#7 Post of 2015 – Why Isn’t There More Archaeological Evidence of the Kingdoms of Saul, David, and Solomon? Part 1

While there seems to be plenty of archaeological evidence of the existence of Israel’s and Judah’s kings after about 850 BC, there is little direct evidence of the existence of Saul, David, and Solomon’s kingdoms. Why is this?

Kenneth A. Kitchen, in his On the Reliability of the Old Testament, dedicates an entire chapter to this topic. At the end of the chapter, he writes a summary which I quote at length below.

The information from external [nonbiblical] sources in terms of explicit mentions of biblical characters such as Saul, David, or Solomon is almost zero, until Shalmaneser III had hostile contact with Ahab of Israel in 853. The reasons for this are stunningly simple and conclusive. From Mesopotamia, no Assyrian rulers had had direct contact with Palestine before 853 — and so do not mention any local kings there. This is not the fault of the kings in Canaan, whether Israelite, Canaanite, or Philistine, and does not prove their nonexistence.

From Egypt we have virtually no historical inscriptions whatsoever mentioning Palestinian powers or entities between Ramesses III (ca. 1184-1153) and Shoshenq I (ca. 945-924). We have just two literary works, Wenamun, referring only to coastal ports (Dor to Byblos), and the Moscow Literary Letter that knows of Seir. Plus the fragmentary triumphal scene of Siamun (ca. 979/978-960/959), overlapping with the early years of Solomon (970-960), when a pharaoh smote Gezer and ceded it to him (1 Kings 9:16). The vast mass of Egyptian records in the Delta and Memphis is long since lost for nearly all periods, including the tenth century. At Thebes, almost all records are local, private, and on funerary religion, not foreign wars.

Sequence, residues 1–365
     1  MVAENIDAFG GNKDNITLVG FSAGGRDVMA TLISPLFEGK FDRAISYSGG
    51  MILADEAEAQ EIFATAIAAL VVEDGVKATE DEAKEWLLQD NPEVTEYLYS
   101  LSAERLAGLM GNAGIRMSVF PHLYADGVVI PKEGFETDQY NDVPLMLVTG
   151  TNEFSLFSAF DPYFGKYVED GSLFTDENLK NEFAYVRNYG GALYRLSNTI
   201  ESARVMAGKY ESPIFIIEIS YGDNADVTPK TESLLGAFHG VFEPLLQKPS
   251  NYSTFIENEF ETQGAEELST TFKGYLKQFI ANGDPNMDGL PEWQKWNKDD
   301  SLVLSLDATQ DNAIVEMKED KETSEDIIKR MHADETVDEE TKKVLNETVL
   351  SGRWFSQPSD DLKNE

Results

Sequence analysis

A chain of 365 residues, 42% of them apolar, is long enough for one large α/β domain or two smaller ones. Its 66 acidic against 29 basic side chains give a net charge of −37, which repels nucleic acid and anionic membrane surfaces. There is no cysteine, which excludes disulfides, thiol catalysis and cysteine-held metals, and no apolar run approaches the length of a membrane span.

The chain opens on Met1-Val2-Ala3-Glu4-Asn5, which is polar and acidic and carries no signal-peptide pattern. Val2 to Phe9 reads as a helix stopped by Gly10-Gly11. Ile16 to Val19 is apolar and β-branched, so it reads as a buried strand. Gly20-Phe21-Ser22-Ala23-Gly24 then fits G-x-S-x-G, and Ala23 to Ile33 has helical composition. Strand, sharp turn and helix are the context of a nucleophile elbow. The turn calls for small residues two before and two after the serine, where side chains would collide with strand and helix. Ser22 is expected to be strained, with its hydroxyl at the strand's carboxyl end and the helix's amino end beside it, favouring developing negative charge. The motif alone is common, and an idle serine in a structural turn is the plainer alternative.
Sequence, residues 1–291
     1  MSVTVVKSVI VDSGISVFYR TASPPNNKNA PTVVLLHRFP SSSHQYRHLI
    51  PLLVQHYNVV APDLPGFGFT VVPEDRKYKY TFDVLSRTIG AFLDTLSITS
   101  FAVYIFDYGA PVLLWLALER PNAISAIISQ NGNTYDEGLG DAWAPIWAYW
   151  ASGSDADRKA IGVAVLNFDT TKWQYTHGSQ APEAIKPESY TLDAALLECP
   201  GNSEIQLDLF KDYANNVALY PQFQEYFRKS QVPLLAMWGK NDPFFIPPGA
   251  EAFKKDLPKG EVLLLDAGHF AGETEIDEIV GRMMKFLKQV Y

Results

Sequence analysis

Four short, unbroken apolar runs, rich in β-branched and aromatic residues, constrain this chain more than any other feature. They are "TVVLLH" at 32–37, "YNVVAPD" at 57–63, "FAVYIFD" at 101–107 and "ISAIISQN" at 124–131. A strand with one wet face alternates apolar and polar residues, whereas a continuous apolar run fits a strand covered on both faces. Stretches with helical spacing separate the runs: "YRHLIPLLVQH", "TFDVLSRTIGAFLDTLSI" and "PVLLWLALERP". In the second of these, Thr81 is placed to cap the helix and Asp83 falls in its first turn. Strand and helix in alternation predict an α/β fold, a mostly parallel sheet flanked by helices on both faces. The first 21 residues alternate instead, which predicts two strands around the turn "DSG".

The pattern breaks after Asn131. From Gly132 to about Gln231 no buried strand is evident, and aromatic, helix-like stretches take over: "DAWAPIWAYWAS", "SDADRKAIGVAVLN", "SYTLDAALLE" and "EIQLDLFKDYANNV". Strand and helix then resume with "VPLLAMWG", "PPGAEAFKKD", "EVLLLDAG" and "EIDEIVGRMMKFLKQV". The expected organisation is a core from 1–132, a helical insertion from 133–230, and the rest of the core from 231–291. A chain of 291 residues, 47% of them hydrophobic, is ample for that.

From the Levant, original texts are so far lost/undiscovered before the ninth century, except at Byblos, whose kings celebrate only themselves. We have nothing from Tyre, Sidon, Damascus, etc., until much later. So, again, there is no mention of the Hebrew tenth-century monarchs — and, again, it is not their fault, and certainly not proof of nonexistence.

In Israel itself, the deplorable state of pre-Herodian remains in oldest Jerusalem (Ophel and the eastern ridge), inaccessibility of much of its terrain, and the fact that it is 95 percent undug/undiggable (100 percent on the Temple Mount, where royal stelae might have been erected) — all these factors almost entirely exclude any hope of retrieving significant inscriptions from Jerusalem at any period before Herodian times. (The Siloam tunnel text [ca. 700] survived precisely because it was in a safely buried location.) So, again, we cannot blame a David or a Solomon for all that happened to Jerusalem after their time. (emphasis in original)

In a nutshell, most of the archaeological records we have from the early first millennium BC originate from the two superpowers of the region, Assyria and Egypt. The Assyrians did not have contact with Israel until 850 BC and there is a 200-year gap in the Egyptian records which overlaps the reigns of Saul, David, and Solomon. Excavation in Jerusalem is difficult because of the location of the Temple Mount.

As an aside, archaeologist Eilat Mazar has more recently claimed to have found walls built by Solomon and sections of David’s palace in Jerusalem, but those findings are hotly contested, so we can’t draw any conclusions yet.

More from Kitchen in part 2 . . .